October 14, 1999

Political Crisis in Pakistan

Mr. Chairman, members of the Committee, I appreciate this opportunity
to appear before you today. We have many issues in South Asia that
warrant our full attention. But none is more important today than the
political crisis in Pakistan you have asked me to address. I look
forward to discussing with you how we can fashion a U.S. response
which promotes a prompt restoration of democracy in that country.

I would like to begin by reading the statement issued last night by
the White House from President Clinton: "The events in Pakistan this
week represent another setback to Pakistani democracy. Pakistan's
interests would be served by a prompt return to civilian rule and
restoration of the democratic process. I urge that Pakistan move
quickly in that direction. I am sending my ambassador back to
Islamabad to underscore my view directly to the military authorities,
and to hear their intentions. I will also be consulting closely with
all concerned nations about maintaining peace and stability in South
Asia."

The Current Situation

Mr. Chairman let me now outline the facts as we know them, with a
caveat that the situation remains fluid, our information is imperfect,
and our understanding of intentions uncertain.

On Tuesday, October 12, the Government of Prime Minister Nawaz Sharif
announced the retirement of Chief of Army Staff Musharraf, who was out
of the country at the time. Musharraf arrived in Pakistan from a visit
to Sri Lanka shortly after the announcement was made. Simultaneously,
military personnel under Musharraf's control placed the Prime Minister
and other civilian and military leaders under house arrest. The armed
forces closed the airports to civilian traffic, took over the state
controlled broadcast media and interrupted some communications
systems.

We listened closely to what General Masharraf had to say two nights
ago when he addressed the nation about the decision and rationale for
why the Armed Forces "moved in" to "reestablish order" in Pakistan,
and why Prime Minister Sharif was removed from office. We also noted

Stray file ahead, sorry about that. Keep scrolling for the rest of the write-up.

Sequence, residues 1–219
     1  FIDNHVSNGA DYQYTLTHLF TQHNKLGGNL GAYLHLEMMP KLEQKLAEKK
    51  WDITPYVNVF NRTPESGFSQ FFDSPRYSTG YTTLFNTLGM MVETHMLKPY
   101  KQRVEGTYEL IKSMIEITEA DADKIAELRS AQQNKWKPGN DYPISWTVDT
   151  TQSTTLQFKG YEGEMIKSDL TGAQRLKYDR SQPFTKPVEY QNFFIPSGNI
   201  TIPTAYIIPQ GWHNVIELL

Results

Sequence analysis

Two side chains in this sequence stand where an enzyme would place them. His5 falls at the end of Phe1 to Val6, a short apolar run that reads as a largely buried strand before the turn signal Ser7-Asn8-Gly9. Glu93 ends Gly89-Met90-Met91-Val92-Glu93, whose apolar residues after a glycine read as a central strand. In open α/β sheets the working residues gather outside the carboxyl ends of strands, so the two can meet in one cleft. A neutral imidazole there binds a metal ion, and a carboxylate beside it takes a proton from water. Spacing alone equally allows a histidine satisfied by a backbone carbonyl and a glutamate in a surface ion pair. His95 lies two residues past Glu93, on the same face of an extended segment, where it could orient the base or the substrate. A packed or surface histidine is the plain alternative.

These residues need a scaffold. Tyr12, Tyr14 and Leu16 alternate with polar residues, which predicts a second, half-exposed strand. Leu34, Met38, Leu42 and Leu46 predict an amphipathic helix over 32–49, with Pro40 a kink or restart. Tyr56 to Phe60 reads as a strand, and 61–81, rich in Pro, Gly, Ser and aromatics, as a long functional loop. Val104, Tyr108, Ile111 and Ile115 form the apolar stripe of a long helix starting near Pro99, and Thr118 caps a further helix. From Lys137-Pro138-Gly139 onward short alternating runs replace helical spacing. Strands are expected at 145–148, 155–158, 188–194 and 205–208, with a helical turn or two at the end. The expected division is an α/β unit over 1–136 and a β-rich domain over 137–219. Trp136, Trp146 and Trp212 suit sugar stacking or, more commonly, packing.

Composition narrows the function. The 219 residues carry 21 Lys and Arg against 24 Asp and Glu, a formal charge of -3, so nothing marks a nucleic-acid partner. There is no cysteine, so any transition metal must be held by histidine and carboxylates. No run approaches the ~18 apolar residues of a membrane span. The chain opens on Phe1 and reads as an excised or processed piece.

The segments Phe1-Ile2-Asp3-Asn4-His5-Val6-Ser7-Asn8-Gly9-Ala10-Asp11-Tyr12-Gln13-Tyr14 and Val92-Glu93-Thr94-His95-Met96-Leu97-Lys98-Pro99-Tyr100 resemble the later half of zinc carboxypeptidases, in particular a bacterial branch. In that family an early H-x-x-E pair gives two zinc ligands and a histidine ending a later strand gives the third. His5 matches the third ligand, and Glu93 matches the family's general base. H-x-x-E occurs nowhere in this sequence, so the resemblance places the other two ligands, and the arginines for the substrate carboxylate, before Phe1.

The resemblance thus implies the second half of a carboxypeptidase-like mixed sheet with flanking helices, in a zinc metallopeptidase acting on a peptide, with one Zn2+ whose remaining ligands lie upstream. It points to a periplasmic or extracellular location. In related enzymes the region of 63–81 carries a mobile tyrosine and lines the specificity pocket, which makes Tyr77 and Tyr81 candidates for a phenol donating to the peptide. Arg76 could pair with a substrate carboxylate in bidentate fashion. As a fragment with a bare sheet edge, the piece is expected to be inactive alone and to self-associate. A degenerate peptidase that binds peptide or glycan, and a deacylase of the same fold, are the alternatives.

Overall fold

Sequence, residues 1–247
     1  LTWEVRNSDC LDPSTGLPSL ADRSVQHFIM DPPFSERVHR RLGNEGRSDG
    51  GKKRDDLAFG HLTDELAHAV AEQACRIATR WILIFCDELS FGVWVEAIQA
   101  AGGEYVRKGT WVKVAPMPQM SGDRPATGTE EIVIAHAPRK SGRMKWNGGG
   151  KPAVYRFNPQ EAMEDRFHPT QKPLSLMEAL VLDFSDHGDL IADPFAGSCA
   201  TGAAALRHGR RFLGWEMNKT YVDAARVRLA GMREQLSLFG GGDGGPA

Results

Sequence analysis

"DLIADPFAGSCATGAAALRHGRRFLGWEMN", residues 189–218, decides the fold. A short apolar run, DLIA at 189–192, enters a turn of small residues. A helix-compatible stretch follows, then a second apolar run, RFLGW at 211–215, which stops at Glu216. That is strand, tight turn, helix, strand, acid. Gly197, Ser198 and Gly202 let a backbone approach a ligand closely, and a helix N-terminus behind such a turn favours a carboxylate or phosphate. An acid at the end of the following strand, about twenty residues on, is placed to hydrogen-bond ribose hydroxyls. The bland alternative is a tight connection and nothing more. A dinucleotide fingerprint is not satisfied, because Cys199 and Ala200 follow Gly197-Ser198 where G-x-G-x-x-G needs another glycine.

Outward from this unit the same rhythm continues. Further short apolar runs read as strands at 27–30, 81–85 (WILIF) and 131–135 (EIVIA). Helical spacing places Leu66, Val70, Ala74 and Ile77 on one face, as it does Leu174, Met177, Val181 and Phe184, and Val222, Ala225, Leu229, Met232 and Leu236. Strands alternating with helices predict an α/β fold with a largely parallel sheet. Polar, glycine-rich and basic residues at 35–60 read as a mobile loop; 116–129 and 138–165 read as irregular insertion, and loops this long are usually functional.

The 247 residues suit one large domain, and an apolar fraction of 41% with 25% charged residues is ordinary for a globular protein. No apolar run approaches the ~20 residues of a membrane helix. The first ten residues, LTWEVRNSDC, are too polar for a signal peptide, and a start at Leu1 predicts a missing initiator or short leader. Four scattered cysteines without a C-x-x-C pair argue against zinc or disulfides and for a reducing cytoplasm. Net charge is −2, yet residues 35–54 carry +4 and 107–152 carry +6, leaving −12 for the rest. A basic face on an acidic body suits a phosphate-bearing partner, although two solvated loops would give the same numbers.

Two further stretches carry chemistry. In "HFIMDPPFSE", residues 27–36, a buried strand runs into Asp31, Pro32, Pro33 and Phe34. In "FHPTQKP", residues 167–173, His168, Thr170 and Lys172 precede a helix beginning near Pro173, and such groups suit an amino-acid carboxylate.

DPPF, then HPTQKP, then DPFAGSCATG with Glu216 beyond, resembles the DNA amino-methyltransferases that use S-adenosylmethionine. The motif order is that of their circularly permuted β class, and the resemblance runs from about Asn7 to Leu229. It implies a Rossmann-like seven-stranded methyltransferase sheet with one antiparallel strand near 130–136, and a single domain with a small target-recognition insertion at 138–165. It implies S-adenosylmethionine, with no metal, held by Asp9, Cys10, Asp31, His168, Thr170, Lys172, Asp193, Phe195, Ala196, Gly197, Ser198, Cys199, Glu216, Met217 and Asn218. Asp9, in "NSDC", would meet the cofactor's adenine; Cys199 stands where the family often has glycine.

that General Musharraf promised that a further policy statement would
be forthcoming shortly. We are still awaiting that statement.
Apparently he has been consulting with constitutional experts, corps
commanders and prospective government appointees about his next steps.
When his statement made, we hope that General Musharraf will set forth
clear plans for the restoration of civilian government in Pakistan.

Mr. Chairman, that the military has deposed a democratically elected
government is clear. It is, however, unclear whether General Musharraf
intends to remain in political control, even in the short term. While
the Pakistani Army did shut down the parliament building today, and
our Charge Michele Sison was informed that the federal government and
four provincial governments had been dissolved, martial law has not
been imposed.

We understand that Prime Minister Sharif, his brother, the Chief
Minister of Punjab Sabbaz Sharif, some Cabinet members, and General
Ziauddin, head of the intelligence services, remain under house
arrest. Our embassy in Islamabad has not been able to contact any of
these individuals. We call upon the current Pakistani authorities to
assure their safety and well-being.

The situation in Pakistan itself remains calm. Public reaction has
been muted. Airports have been reopened. State run radio and
television have resumed normal programming. The financial markets
remain closed an a "banker's holiday."

I should also note that we have seen no reports of disruption or
threats to Pakistan's nuclear facilities or any other installations.

While Indian forces have gone on alert, this appears to be only a
precautionary measure. There does not appear to be a heightening of
tensions between India and Pakistan. The official Indian reaction --
as expressed in statements of Prime Minister Vajpayee and others --
has been cautious and low key.